News / Vancouver

‘Lotusland’ blisses its way to 6th place in ‘most mindful’ cities list

Forget Vancouverites’ thoughtless drivers reputation, because we’ve officially joined the ranks of Nordic nations’ chillest urbanites.

Vancouver has joined a list of mostly Nordic cities ranked 'most mindful.' In this file photo, Kundalini yoga teacher Katrina Prescott poses at Vancouver's Sunset Beach.

Jennifer Gauthier / Metro Order this photo

Vancouver has joined a list of mostly Nordic cities ranked 'most mindful.' In this file photo, Kundalini yoga teacher Katrina Prescott poses at Vancouver's Sunset Beach.

Forget Vancouverites’ reputation as thoughtless drivers.

That’s because we can now take solace that our West Coast haven has meditated its way onto the list of the world’s “most mindful” cities, at least according to a new index developed by the highly regarded World Economic Forum in Switzerland.

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Sure to inflame often pejorative stereotypes of Vancouver as “Lotusland,” the city earned sixth place in the global top 10 ranking of cities, on a list almost entirely dominated by Nordic nations.

We even beat out what is arguably the world’s marijuana-and-social-tolerance capital, Amsterdam.

“The ranking analyses various attributes,” explained the Forum’s head of infrastructure and urban development, Michael Buehler, in a web posting, “such as social tolerance, civic engagement, work-life balance, quality of healthcare, life expectancy, safety, ecological footprint and income levels.”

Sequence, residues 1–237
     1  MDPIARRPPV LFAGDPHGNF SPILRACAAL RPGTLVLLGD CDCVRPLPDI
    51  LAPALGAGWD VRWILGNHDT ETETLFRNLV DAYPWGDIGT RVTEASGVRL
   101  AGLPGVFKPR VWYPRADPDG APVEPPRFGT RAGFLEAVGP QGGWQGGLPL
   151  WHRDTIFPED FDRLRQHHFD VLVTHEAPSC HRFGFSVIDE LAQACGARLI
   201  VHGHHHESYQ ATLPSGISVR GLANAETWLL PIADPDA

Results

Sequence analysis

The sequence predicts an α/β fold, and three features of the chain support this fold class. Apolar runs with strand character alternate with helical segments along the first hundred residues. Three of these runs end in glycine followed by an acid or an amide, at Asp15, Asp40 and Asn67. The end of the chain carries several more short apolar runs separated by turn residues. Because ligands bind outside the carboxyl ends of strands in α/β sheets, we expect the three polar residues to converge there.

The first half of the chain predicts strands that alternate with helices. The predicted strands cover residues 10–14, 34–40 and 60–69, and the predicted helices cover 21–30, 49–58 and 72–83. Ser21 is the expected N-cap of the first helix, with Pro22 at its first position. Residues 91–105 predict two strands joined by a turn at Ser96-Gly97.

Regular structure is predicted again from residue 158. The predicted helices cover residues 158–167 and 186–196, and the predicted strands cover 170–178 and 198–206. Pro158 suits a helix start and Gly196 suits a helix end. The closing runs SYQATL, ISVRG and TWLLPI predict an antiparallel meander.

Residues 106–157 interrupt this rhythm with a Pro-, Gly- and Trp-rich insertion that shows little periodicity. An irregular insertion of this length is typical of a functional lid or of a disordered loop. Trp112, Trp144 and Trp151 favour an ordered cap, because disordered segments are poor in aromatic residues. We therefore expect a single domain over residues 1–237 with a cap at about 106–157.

Defining “mindfulness” as a heightened “moment-to-moment non-judgemental awareness, cultivated by paying attention,” the index examined cities with low levels of noise and pollution, lower population stress levels, increased feelings of well-being or happiness, “social tolerance, civic engagement, work-life balance, quality of healthcare, life expectancy, safety, ecological footprint and income levels,” the study reported.

Last week, Metro reported on another survey that suggested British Columbians are the “laziest workers in Canada,” with 27 per cent of workers saying they feel unmotivated at work, according to a Monster Canada poll. However, B.C. residents also scored high for a healthier work-life balance.

To create the mindfulness index, Buehler and co-creator Kayo Hirano — the Forum’s community lead for infrastructure industries — compiled data from the World Health Organization, World Bank development indicators, United Nations’ World Happiness Report, and Organisation for Economic Co-operation and Development (OECD), Gallup’s World Poll, and the Economist Intelligence Unit’s Most Liveable Cities index.

Cities, they wrote, “can significantly contribute to the well-being of their citizens by inspiring and enabling mindful practices,” and “create a resilient physique, personality, culture and relationship with its citizens, all of which amount to a more mindful environment.”

The overall winner worldwide? It’s Denmark’s second-largest city, Aarhus, with a population of just more than 300,000 and ambitions to become completely carbon-neutral by 2030.

WORLD’S ‘MOST MINDFUL’ CITIES

1. Aarhus, Denmark

2. Lucerne, Switzerland

3: Reykjavik, Iceland

4. Bergen, Norway

5. Turku, Finland

6. Vancouver, Canada

7. Amsterdam, Netherlands

8. Auckland, New Zealand

9. Adelaide, Australia

10 Malmo, Sweden

Source: World Economic Forum

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